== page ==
In recent research conducted on an ALB infestation in the Greater Toronto area in Ontario, Canada, Haight and his collaborators from Canadian Forest Service, Great Lakes Forestry Centre addressed a problem in which decision makers had to determine how much to invest in surveys and eradication to minimize costs while achieving a desired likelihood of eradication. “We used historical data on ALB spread to generate a set of reasonable invasion scenarios that takes into consideration the uncertainty of the beetle’s extent,” said Haight. “These scenarios were then used in the model to identify strategies that reduce the risk of high program costs while maintaining an acceptable likelihood of insect eradication.” Surveillance guidelines obtained from the study were shared with local land managers, enabling them to develop the best strategy possible given targets and constraints.
The results of this study and other similar research are being used as background and justification for introduction of bills into Congress or state legislatures for managing invasive species.
Hardwood Tree Improvement and Regeneration Center
Twenty years ago, the Hardwood Tree Improvement and Regeneration Center (HTIRC) partnership was formed between the U.S. Forest Service, Northern Research Station, Purdue University, and a host of other organizations for the purpose of ensuring the continued health and sustainability of America’s hardwood resources, primarily in the Central Hardwood Region (CHR) of the U.S.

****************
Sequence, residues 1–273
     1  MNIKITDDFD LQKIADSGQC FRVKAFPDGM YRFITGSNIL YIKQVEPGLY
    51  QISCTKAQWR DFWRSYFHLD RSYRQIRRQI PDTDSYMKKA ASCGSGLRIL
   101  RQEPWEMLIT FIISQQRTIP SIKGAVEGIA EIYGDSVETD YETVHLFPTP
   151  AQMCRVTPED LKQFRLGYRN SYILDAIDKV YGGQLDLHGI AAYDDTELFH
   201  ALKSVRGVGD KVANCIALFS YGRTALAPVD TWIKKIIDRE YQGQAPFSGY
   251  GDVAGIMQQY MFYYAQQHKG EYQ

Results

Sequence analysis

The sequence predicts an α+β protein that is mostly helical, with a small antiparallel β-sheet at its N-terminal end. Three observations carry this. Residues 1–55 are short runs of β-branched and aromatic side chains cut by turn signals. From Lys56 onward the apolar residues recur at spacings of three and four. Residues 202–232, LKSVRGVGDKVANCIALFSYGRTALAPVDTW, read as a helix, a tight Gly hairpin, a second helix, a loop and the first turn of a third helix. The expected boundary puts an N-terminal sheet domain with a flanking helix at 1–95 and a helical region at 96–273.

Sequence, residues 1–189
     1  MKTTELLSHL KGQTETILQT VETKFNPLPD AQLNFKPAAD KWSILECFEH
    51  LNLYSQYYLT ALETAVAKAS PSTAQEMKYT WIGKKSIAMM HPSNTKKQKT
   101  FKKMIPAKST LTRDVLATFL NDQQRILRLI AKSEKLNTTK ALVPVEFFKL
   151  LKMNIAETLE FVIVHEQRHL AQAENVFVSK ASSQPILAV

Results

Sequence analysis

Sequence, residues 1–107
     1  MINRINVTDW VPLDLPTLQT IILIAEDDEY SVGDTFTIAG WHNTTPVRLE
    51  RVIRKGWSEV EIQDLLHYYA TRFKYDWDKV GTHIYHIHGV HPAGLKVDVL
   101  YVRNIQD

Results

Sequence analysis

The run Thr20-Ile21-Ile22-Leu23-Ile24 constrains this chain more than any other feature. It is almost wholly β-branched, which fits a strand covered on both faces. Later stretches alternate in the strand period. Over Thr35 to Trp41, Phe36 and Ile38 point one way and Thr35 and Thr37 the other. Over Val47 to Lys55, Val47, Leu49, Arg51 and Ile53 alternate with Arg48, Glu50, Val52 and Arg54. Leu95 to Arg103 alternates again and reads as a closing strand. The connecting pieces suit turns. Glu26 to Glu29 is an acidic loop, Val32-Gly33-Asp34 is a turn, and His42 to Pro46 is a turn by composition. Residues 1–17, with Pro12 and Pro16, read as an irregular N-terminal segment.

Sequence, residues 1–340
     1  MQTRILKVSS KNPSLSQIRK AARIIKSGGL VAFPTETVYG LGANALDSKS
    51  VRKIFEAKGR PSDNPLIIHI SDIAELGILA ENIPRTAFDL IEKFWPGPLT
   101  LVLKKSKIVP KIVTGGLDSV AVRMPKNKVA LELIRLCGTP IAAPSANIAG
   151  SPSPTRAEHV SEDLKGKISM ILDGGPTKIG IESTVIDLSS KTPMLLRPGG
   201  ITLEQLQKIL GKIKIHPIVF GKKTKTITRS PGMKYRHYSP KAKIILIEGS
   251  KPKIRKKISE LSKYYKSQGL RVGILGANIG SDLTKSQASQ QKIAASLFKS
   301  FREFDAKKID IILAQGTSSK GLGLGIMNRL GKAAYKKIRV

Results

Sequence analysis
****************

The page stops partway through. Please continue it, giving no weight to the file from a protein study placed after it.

The reasons for establishing the HTIRC included the perceived level of unsustainable harvesting across the Central Hardwood Region and a lack of understanding of how such harvest levels could potentially impact (degrade) levels of genetic variation within tree species over the long run. In addition, the relative scarcity of knowledge on how to produce high quality tree seedlings for reforestation and restoration plantings inspired more research.
Since its inception in 1998, the HTIRC has participated in the development of hardwood tree genomics research projects for a number of species, as well as establishing 130,000 trees (each of known origin) in a series of 180 different plantations across eight states. These unique plantations have been established to elucidate the effects of tree genetic origin on important characteristics such as growth rate, timber form, and adaptability, including adaptation to the effects of climate change.
Headquartered at Purdue University in West Lafayette, Indiana, the HTIRC currently consists of 40 students and staff members, 14 partner organizations, and a total annual budget of $3 million that includes $900,000 from the USDA Forest Service. Primary clients for HTIRC products include the hardwood industry, reforestation nurseries and private landowners.
“Our partners play a vital role in helping to guide the ongoing development of future research directions, as well as assist in the identification of current gaps in our knowledge base,” said Mark Coggeshall, research forester and Forest Service lead scientist at HTIRC. “In terms of benefits, the HTIRC is now moving toward a position that will result in deployment of well-adapted, fast growing, high quality trees of certain hardwood species." The ultimate goal of this work will be the creation of seed orchards that serve as new sources of "improved" tree seeds for reforestation and restoration programs in the CHR.
“The most exciting thing for me is that we are now in a very strong position to capitalize on the tree resources we have invested in since 1998 and use some of the latest research technologies such as remote sensing and genome sequencing to answer new questions,” said Coggeshall. “This ‘tree investment’ will continue to generate benefits far into the future.”